So when Angry Robot announced Adam Christopher's Empire State and mentioned a Prohibition-era parallel universe in the book description, deftly combining two topics I dearly love, I couldn't wait to get my copy. (And if you're wondering, this one says: File Under: Science Fiction [ Pocket Universe Heroes or Villains Speak Easy Loyalties Divided ]). Unfortunately, Empire State didn't entirely live up to my expectations, but there's still a lot to love about this intriguing debut novel.

Rex Braybury is a small time bootlegger in Prohibition-era New York who is shaking down one of his clients when a competitor shows up and threatens to cut his burgeoning criminal career short. The resulting chase scene ends with him more or less accidentally witnessing a major confrontation between the city's two major superheroes, the Skyguard and the Science Pirate -- a fight that will prove to have major consequences....

A few chapters later, we're introduced to private detective Rad Bradley, who lives in the Empire State, a strange -- but strangely familiar -- city that's perpetually at war with an unseen Enemy somewhere beyond its mist-shrouded shores. It's the year Nineteen, and all is not well.
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Format: Paperback
Start by combining a depression-era gangster story with a comic book saga of superheroes wearing rocket boots, mix in a private detective, toss in a rogue robot, add an alternate history in which a parallel version of New York City is isolated and at war with an enemy that surrounds it, top it off with transdimensional travel and time confusion and you've got Empire State. Sounds like a mess, doesn't it? Empire State is such a strange novel that, despite being unimpressed with Adam Christopher's prose and unenthused about the storyline, I kept reading just to find out what would happen next. I suppose that's a recommendation of sorts.

The two superheroes who once protected New York City -- the Skyguard and the Science Pirate -- have taken a holiday from crime fighting so they can battle each other, leaving the depression-era city at the mercy of bootleggers and mobsters, predators and corrupt officials. One defeats the other and a gangster named Rex Braybury seems to defeat the winner.

Years later, a private detective in Empire State named Rad Bradley (who bears an uncanny resemblance to New York's Rex) is hired to find a missing woman. The woman's corpse turns up before Rad has a chance to conduct a serious search. The evidence suggests that the woman was murdered by a robot but in this novel things aren't always as they appear. Besides, robots are generally found only on the ironclad ships that sail off to war in defense of the Empire State, never to return -- except, that is, for the ironclad that recently came home and is now quarantined at a safe distance from the port. Could a killer robot have come from the ship? Rad, his reporter friend Kane, and a strange character named Captain Carson resolve to find out.
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I really did want to like this book - truly. The setting is right up my alley, being a pulp/noir superhero fantasy set in 1920's New York. But ultimately, the writing didn't live up to the idea.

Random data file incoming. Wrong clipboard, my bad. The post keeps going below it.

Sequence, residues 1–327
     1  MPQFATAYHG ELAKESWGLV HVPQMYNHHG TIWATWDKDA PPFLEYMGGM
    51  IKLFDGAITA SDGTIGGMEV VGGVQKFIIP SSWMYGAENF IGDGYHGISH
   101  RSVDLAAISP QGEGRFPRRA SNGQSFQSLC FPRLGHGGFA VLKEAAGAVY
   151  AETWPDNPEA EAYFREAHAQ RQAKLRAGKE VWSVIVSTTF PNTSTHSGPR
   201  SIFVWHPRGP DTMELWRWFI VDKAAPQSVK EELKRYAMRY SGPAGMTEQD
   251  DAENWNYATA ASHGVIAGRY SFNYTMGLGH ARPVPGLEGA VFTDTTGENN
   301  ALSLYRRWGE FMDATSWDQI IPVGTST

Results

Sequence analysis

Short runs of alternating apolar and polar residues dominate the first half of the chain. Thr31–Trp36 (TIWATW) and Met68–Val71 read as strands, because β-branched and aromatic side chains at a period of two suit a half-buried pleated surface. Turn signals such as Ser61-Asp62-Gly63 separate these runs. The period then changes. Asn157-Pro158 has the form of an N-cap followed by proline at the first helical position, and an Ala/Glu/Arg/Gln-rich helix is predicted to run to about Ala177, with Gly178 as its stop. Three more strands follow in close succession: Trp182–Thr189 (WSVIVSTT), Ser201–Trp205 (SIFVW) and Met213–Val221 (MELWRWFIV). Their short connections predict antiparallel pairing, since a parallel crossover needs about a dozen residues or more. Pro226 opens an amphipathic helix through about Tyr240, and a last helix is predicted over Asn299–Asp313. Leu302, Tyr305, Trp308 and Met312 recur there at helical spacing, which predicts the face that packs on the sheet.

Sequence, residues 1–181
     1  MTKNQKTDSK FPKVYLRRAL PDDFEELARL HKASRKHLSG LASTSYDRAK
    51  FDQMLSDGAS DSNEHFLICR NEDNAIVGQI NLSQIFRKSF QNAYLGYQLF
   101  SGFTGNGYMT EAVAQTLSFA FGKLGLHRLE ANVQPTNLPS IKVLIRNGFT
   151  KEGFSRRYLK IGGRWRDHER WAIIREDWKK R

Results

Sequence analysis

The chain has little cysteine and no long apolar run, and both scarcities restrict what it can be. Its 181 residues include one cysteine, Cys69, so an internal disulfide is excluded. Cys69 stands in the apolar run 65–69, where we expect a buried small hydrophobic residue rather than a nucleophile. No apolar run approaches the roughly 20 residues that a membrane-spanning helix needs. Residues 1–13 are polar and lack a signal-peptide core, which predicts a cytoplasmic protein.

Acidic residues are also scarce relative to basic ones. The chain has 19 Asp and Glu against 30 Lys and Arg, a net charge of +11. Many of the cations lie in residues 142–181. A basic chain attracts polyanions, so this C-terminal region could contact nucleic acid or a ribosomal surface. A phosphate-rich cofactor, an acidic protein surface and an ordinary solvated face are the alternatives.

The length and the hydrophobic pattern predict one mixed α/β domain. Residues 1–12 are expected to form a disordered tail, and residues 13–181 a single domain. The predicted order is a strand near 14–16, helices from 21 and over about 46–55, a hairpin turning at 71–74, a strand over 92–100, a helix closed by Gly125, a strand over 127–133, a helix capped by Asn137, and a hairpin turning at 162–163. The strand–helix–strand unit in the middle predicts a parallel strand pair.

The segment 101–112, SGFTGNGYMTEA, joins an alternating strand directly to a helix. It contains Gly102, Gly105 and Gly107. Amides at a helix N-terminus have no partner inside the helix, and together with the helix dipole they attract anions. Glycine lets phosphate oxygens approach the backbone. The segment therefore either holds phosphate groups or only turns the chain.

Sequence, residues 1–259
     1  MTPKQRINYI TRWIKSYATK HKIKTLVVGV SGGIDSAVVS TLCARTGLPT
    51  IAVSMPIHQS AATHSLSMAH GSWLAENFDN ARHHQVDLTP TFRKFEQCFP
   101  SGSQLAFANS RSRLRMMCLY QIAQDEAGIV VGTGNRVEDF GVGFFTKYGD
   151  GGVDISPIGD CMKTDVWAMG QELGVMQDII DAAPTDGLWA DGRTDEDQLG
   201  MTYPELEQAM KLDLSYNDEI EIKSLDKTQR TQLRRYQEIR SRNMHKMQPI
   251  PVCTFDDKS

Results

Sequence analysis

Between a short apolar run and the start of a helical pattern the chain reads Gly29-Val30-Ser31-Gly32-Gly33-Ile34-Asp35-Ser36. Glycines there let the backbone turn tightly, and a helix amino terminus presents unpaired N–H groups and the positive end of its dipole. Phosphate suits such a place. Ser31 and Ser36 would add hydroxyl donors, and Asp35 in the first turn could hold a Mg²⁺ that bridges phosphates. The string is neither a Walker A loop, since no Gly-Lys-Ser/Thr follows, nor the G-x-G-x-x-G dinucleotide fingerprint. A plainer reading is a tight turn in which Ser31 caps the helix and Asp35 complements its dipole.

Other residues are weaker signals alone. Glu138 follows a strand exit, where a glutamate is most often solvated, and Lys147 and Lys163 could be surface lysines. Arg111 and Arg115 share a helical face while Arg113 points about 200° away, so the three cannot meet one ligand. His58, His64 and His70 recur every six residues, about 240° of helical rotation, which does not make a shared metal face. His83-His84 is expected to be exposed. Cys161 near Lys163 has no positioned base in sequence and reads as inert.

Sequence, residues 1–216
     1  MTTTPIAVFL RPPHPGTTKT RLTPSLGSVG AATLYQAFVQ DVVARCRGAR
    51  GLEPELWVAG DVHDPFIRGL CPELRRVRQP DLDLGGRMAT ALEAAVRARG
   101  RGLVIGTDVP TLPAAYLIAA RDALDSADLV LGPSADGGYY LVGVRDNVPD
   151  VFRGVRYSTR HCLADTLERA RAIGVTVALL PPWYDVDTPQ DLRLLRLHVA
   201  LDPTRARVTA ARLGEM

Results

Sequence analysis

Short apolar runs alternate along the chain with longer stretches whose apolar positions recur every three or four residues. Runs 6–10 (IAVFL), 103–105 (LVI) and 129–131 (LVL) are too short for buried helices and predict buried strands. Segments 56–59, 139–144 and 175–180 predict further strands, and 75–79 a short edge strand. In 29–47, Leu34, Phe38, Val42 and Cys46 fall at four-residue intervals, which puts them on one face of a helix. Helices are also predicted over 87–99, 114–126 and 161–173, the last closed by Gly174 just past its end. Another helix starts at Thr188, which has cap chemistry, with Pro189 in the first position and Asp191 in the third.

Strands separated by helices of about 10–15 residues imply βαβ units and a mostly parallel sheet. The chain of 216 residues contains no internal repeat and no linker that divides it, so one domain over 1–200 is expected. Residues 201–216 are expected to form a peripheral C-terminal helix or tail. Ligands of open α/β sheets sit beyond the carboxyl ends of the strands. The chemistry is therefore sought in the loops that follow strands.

The biggest problem I had with the story is that we are whip-sawed through the narrative, never knowing what is truly going on. Characters change allegiances, critical environmental aspects are unexplained. In this we are in the situation of the story's main protagonist, private investigator Rad Bradley. Who basically has no idea what's going on and cannot make logical decisions on how to pursue his case. Good detective fiction has plenty of twists and turns as well as clever misdirects. For both the reader and the main character. But the best examples of genre plant clues along the way that the reader can pick up on... or at least go back and see how it all fits together. Empire State is a mish-mash. Why is the Science Pirate like that? Why did she fall out with the SkyGuard? How did the fissure open up? Does it have definitive rules? How many times is Carson going to switch sides? How did the judge end up like that when everyone else from the other universe has a double? There are no answers to questions like these.

Overall it made for frustrated reading. I pushed through to the end hoping for a decent payoff. But ultimately it was just "meh".
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Format: Paperback
In a New York lost in endless fog and tied up in an endless war, private detective Rad Bradley is given a new job by the classic high-class dame: find out what happened to her lover. To do so, Bradley must find the elusive Pastor of Lost Souls, avoid the attentions of mysterious gas-mask wearing men, and team up with New York's greatest explorer. But there's also a little problem with the Skyguard, the city's self-appointed superhero, who keeps popping up despite his highly public execution for vigilantism. And Bradley keeps getting these headaches ...

Empire State isn't quite what the publishers paint it as: there's a lot less superhero and a lot more private detective than the blurbs suggest, along with strange physics, more than a little steampunk (again), and some world-hopping that only just manages to avoid being confusing. I found the book a struggle to finish, because ultimately - between the mystery, the war, the superheroes and the heavily-signposted hints that there is Something Wrong - there was just too much going on. Like The Company Man, the Empire State could have been a better book if it had avoided trying to give all the answers. There is something to be said for offering a weird setting and asking readers to accept it and its weirdness, and as long as the internal rules are consistent we don't need to have all the whys.

My edition of Empire State came with lots of extras including interviews, a playlist (truly) and an invitation to join, and contribute to, a shared world based on the characters and settings of the novel. Judging by the number of contributions on the web site its an invitation not too many people have accepted. I'm not surprised: it's not a world I want to go back to, either. I have plenty of books to read, and even more to re-read, but Empire State won't be making it on to the second list.